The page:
Wednesday, November 30, 2011

Millionaire Angel Wannabees, Melancholy Mothers & A Couple Suicides

Here's another downer story from the early 1900s about a father committing suicide and a mother going mad and being sent to Eloise, leaving three children more-or-less orphaned.

Annie Neuman of 453 La Salle Street lost her husband Emil to suicide in the fall of 1904 and for the next year was plagued with an incessant brooding melancholia. So much so that she was no longer able to look after her children when neighbors intervened and had her sent to Eloise. The children were being kept among the neighbors until Neuman's mental health returned or in the case that it worsened they would be put into institutional care.

Emil Neuman had suffered from stomach ailments and rheumatism for some time before his suicide. Having been unable to eat for several days, on the day of his untimely death, he arose in the early morning hours, went to the kitchen, procured a razor and slit his own throat. Mrs. Neuman found him the next morning when she went to the kitchen to prepare breakfast. The couple were married for 10 years.

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This is a bit of a mysterious story mainly due to the marred scan of this story from the Detroit Free Press, September 17, 1913. The good part is that you can make out half of it and the gist of it is that Jacob Goldfrene, a Detroit financier, was passing out million dollar checks to police officers and presumably anybody else who came in contact with him. According to police, when he was found on Hasting Street calling on those passing by to witness that he was related to angels. The bad news is that I can't find another source for this story or even another person named Goldfrene in any Google search which leads me to believe that his name was misprinted in the paper.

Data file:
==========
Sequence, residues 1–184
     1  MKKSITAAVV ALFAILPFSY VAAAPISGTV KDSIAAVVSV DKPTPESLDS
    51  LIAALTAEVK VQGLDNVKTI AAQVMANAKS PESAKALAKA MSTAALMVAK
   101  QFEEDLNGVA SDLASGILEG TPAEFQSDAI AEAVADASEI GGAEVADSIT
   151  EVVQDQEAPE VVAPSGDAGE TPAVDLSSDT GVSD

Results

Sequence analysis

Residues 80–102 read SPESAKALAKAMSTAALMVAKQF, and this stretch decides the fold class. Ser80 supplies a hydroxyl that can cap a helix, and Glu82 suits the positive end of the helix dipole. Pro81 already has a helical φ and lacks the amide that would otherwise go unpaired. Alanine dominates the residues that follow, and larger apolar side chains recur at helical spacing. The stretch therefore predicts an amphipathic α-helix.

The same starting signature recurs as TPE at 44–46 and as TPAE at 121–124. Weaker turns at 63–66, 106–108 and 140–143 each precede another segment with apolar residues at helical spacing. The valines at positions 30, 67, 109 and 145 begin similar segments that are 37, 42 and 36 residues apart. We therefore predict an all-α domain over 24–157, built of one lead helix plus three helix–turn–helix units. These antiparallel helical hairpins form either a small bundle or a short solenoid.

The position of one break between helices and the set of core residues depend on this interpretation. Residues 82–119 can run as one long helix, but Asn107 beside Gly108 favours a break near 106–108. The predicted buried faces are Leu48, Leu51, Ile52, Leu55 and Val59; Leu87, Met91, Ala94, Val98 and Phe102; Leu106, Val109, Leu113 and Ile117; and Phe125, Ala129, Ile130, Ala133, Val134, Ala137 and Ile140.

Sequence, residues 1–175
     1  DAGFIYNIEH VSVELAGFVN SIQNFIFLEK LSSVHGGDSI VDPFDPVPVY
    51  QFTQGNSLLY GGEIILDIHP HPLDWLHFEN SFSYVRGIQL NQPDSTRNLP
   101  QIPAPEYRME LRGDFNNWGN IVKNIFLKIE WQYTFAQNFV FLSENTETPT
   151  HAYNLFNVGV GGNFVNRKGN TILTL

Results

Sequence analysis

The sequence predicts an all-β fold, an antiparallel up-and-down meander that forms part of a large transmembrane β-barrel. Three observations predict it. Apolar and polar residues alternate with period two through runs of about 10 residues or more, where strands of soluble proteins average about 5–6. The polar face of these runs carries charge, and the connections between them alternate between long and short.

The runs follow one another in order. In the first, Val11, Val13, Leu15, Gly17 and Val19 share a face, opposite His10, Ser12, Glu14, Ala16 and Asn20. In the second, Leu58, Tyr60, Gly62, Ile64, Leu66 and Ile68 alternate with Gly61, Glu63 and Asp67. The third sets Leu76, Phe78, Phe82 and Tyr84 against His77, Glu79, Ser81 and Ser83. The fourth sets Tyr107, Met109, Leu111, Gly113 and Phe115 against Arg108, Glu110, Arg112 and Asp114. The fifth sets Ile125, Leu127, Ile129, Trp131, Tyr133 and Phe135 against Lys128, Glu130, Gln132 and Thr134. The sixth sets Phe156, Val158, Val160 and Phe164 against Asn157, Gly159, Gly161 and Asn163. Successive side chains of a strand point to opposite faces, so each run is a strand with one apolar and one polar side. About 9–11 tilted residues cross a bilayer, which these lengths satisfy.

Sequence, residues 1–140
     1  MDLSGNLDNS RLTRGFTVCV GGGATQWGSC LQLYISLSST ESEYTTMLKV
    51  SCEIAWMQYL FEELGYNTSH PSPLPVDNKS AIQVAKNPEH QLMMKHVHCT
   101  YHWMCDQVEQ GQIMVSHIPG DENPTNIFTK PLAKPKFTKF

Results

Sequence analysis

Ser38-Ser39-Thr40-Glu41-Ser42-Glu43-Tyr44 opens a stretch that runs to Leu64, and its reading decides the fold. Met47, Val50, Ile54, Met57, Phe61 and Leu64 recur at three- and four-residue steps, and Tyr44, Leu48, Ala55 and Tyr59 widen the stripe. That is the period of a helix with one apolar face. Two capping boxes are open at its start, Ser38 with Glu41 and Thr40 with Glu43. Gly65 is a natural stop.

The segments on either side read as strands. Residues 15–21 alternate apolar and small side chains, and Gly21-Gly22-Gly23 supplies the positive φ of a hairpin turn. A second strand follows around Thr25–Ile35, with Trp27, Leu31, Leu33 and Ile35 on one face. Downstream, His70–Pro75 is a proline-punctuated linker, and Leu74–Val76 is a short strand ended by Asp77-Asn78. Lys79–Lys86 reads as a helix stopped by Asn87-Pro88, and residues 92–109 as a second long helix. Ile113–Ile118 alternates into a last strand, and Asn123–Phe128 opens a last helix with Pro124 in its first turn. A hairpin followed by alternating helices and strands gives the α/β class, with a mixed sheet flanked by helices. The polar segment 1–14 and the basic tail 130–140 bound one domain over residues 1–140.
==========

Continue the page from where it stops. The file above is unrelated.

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Frequently when a mental patient from Eloise was deemed cured or was released due to improvement in their mental health it was often followed by a return to the institution or a tragedy. In William Rowe's case it ended in suicide 3 months after a stint at the asylum. He was found in the attic by his wife after she had gone out to make a phone call. Initially she couldn't track him down at the house or around the neighborhood and as a last resort checked the attic where she found him hung. She ran from the house and flagged down two men, Frank Ritter and A. F. Martin, who determined that Rowe was dead and summoned the coroner, who confirmed it.

Detroit Free Press, March 27, 1907

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